Thursday, July 07, 2011
Summer Reading for Pastors and Church Leaders
"What are you reading?" I've been hearing that question since I started out in ministry more than 19 years ago. In the beginning, it came from older, wiser and seasoned pastors who used the question as a way to start a conversation that would guide me in my own development. Years later, the question continues to be asked by ministry colleagues as an avenue of inquiry and accountability.
But in recent years, I'm beginning to notice that when I answer this question, people actually take my answers seriously. Whether I'm old enough or wise enough for this reaction to be justified I can't tell, but regardless, I'm always recommending what I believe to be good (and also not-so-good, but neccesary) reading to those who lead our churches.
As the summer continues, I wanted to provide a recommended reading list for 2011, as I have done in past years. The list below is diverse. Some books are strictly theological in nature, others deal with cultural engagement and mission, and still others amount to heresy. But if you were to ask me to list for you the seven books that any pastor or church leader MUST put on their read list for the summer, I'd respond with the following (in no particular order):
1. Alan Hirsch and Dave Ferguson. "On the Verge: A Journey into the Apostolic Future of the Church." (Zondervan, 2011)
*The western church is currently swimming (or drowning!) in a sea of data that says its days as a relevant entity to civilization are numbered. In this bold work, Hirsch and Ferguson contend just the opposite: that the western church is at the point of "turning a corner" and becoming more powerful and effective than it has been in hundreds of years. But this new future won't look very much like the past. As Hirsch repeatedly states throughout the book, "what got us HERE, won't neccesarily get us THERE." Through four main sections of the book entitled "Imagine," "Shift," "Innovate," and "Move," the authors challenge the reader to conceptualize new expressions of church that don't contradict or compete with church in its current expression, but instead compliment it. As is usually the case with Hirsch, the book is almost conceptual to a fault, leavng the reader with the work of translating the concepts practially into his own ministry field. But I finished this volume highly encouraged about the future of the bride of Christ in the United States and Europe.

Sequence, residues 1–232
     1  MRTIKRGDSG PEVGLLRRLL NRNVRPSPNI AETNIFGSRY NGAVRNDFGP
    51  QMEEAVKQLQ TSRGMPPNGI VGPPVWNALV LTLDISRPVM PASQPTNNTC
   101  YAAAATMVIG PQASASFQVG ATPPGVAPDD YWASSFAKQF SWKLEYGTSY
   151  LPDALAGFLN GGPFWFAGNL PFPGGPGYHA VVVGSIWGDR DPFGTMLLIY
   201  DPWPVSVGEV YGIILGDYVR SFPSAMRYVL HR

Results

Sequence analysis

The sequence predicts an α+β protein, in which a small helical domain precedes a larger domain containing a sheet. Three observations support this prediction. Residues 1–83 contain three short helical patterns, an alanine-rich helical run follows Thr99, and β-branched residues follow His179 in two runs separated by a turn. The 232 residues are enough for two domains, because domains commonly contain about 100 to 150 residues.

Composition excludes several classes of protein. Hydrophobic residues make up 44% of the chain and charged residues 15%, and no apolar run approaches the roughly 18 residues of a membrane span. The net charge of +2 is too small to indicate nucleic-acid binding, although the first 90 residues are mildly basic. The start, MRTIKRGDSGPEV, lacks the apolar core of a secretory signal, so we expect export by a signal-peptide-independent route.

2. Timothy Webster. "Christ-Centered Pastors: Four Essentials Pastors Must Do To Focus on Christ, Not Man." (Cross Books, 2010)
Tim Webster is a Bible church pastor in my local area here in Maryland, and a friend to pastors everywhere. This concise volume (less than 300 pages, which is quite short when one considers the total content covered) deals with basics like pastoral character and qualifications, as well as church polity, church discipline, and the spiritual development of disciples. And unlike so many books written on these subjects, Webster's book actually lays out practical ways that a pastor can lead his congregation toward these ideals. He does take what I consider to be a few unfair swipes at guys like Jim Collins, and paints a picture of the business literature many pastors read today as more mutually exclusive from Biblical leadership than I personally believe it is. He is also an adamant supporter of a plurality of elders style of leadership, so some in my Baptist tribe might be a bit uneasy with his conclusions. But I believe he is fair in his representation of congregational govenance, and in fact believes the two can coexist (I agree!). In the end, this is a great "refresher read" for pastors, and a healthy challenge to ensure that one's focus is truly on Jesus and His mission.
3. Millard J. Erickson. "Who's Tampering with the Trinity? An Assessment of the Subordination Debate." (Kregel Academic and Professional, 2009)
For those who may be unaware, there is a debate currently raging in evangelical academic circles over certain elements of the doctrine of the trinity. In academic vernacular, this debate is between those holding the "gradational-authority view" and the "equivalent authority view" of the relationship of the persons within the Godhead. Erickson, the consummate theologian in his classic fashion, makes this debate understandable, and applicable in the life of the local church.